When a person’s body becomes accustomed to the presence of a substance, the person will need a larger or more frequent dose to feel the same effects as before. If a person with a high tolerance to an opioid stops taking them, they can lose their tolerance. If they later resume use at the same amount as before, they could experience a life-threatening overdose.

Norco Overdose Symptoms

Symptoms of hydrocodone and acetaminophen overdose may include the following:

  • Slow, shallow, or stopped breathing
  • Bluish-colored fingernails and lips (cyanosis)
  • Confusion, dizziness, and lightheadedness
  • Drowsiness or heavy sedation
  • Fatigue and weakness
  • Loss of consciousness, coma
  • Cold, clammy skin
  • Pinpoint pupils
  • Muscle twitches or seizures
  • Low blood pressure, weak pulse
  • Yellow skin and eyes (jaundice)
  • Nausea, vomiting, stomach or intestinal spasms

If you suspect someone is overdosing on Norco or another medication containing hydrocodone or any other opioids, please call 911 immediately.

Withdrawal Symptoms

The withdrawal symptoms related to short-acting opioids such as hydrocodone usually begin between 8-24 hours after the last use. Acute withdrawal symptoms can last between 4-10 days for short-acting opioids.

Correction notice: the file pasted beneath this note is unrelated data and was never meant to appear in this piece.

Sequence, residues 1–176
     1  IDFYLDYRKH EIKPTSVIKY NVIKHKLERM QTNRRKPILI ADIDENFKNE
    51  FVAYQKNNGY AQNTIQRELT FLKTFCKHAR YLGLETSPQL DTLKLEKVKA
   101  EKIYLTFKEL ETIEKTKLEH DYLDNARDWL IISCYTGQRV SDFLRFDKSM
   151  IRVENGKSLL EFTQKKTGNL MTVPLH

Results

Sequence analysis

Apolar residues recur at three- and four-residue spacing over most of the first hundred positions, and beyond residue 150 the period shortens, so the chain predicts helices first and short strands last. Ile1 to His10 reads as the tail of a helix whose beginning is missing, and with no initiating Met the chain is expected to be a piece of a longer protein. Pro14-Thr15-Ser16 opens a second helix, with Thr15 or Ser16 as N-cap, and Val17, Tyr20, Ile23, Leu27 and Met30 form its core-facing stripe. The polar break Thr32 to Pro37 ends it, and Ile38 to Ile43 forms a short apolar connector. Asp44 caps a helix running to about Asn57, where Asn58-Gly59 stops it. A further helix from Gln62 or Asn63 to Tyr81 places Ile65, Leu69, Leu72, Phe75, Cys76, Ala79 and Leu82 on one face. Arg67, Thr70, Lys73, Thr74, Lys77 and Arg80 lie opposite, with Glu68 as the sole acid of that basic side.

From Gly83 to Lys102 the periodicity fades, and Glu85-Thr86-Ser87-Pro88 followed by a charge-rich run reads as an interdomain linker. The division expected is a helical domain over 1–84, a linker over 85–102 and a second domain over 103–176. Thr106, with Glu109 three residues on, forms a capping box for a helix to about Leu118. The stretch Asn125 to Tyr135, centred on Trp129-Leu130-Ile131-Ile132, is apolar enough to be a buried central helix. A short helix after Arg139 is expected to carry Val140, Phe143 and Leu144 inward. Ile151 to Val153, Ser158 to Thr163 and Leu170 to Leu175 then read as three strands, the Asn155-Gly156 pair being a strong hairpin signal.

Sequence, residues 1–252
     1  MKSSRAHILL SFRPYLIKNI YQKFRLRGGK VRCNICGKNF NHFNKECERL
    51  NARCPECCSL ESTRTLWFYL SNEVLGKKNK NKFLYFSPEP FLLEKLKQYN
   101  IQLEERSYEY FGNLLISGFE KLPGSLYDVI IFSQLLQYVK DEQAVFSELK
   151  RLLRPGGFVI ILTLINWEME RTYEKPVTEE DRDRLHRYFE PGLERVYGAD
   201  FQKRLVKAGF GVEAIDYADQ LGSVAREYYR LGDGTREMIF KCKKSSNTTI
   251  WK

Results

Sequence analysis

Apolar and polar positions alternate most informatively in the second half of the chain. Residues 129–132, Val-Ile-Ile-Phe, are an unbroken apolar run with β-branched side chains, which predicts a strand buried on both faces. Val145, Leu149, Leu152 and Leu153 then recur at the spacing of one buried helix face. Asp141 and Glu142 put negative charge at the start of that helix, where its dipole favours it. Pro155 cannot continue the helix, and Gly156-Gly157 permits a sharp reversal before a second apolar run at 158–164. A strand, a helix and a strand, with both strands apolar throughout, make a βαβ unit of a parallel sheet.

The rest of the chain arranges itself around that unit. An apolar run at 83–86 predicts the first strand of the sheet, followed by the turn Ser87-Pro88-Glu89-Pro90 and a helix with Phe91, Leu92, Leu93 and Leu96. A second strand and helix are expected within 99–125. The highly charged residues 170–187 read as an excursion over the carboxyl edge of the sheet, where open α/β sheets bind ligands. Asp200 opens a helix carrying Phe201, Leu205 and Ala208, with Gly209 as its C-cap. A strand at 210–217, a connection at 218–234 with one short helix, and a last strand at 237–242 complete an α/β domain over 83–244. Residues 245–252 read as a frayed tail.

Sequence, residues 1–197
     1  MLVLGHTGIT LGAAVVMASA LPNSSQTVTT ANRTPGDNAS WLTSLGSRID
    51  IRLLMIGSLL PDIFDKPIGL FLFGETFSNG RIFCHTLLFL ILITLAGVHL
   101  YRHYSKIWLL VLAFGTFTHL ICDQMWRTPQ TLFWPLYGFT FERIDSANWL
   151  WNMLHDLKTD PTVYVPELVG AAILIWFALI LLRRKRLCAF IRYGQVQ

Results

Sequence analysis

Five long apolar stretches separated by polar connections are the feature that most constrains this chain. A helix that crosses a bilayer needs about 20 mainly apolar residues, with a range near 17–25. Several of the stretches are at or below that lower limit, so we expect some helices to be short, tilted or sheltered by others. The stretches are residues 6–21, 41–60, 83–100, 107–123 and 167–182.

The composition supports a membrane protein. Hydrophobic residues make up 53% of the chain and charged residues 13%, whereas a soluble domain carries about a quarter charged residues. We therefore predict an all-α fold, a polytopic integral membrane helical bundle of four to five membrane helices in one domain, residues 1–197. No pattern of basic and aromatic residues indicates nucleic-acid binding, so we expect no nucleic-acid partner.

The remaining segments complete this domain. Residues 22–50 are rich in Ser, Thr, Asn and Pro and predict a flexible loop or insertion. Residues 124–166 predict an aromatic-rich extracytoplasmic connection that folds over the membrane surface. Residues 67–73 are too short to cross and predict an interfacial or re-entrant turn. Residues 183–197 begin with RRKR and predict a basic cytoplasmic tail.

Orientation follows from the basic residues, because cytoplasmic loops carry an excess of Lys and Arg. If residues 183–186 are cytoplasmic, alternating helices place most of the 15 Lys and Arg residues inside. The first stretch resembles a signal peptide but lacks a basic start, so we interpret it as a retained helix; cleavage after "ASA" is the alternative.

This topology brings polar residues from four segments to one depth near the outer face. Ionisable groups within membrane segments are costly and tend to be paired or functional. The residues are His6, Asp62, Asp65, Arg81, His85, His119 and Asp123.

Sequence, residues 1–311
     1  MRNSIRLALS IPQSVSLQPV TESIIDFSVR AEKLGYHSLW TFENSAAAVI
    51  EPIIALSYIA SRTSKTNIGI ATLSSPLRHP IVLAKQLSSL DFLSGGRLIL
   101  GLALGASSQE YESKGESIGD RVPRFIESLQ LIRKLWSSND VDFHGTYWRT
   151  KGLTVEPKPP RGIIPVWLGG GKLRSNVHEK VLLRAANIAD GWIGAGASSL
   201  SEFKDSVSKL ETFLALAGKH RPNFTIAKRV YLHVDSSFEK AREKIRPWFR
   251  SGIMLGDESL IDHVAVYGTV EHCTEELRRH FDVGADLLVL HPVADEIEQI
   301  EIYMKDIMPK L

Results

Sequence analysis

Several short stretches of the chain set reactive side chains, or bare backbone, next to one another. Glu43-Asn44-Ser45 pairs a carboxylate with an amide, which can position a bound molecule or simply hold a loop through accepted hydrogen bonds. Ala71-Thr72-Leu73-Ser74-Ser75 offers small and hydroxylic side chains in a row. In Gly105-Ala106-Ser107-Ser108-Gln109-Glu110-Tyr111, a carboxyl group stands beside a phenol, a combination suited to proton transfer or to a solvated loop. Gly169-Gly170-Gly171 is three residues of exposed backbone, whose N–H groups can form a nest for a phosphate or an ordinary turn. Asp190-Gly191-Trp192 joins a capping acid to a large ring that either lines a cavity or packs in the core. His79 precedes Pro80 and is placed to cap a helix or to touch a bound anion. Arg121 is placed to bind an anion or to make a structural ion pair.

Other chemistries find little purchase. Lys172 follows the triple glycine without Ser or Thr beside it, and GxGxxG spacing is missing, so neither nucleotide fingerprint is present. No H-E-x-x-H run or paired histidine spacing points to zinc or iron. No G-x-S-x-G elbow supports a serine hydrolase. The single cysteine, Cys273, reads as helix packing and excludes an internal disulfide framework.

Early symptoms of opioid withdrawal can include:

  • Agitation
  • Anxiety
  • Sleep disturbances
  • Yawning
  • Muscle aches
  • Increased tearing and runny nose
  • Sweating and chills

Late symptoms of opioid withdrawal may include:

  • Nausea and vomiting
  • Stomach cramping
  • Diarrhea
  • Dilated pupils

Persons undergoing opioid withdrawal are especially susceptible to overdose because they may resume using opioids to stop the unpleasant symptoms of withdrawal. Relapse during the detox period is not uncommon and can be life-threatening.

Withdrawal from Norco is not usually dangerous, but people who become severely confused, distressed, or depressed may be at increased risk for intentional injury, death, or suicide. For this reason, persons attempting to recover from Norco abuse should seek treatment in a facility that offers a medically-supervised detox program.

Following detox, patients are urged to immediately enter an addiction treatment program on an inpatient, partial hospitalization, or outpatient basis.

Treatment for Hydrocodone Addiction

Hydrocodone addiction is a potentially devastating condition that impacts not only the person suffering but also those who are closest to him or her. Fortunately, addiction can be effectively treated using an integrated, evidence-based approach that includes psychotherapy, individual and group counseling, psychoeducation, and group support.

Our expert medical and mental health staff demonstrate expertise and provide clients with the knowledge and tools they so desperately need to achieve sobriety and enjoy a long-lasting recovery.

You can reclaim the life you once had – the one which you deserve – and we can help! If you or a loved one is addicted to drugs or alcohol, please contact us immediately!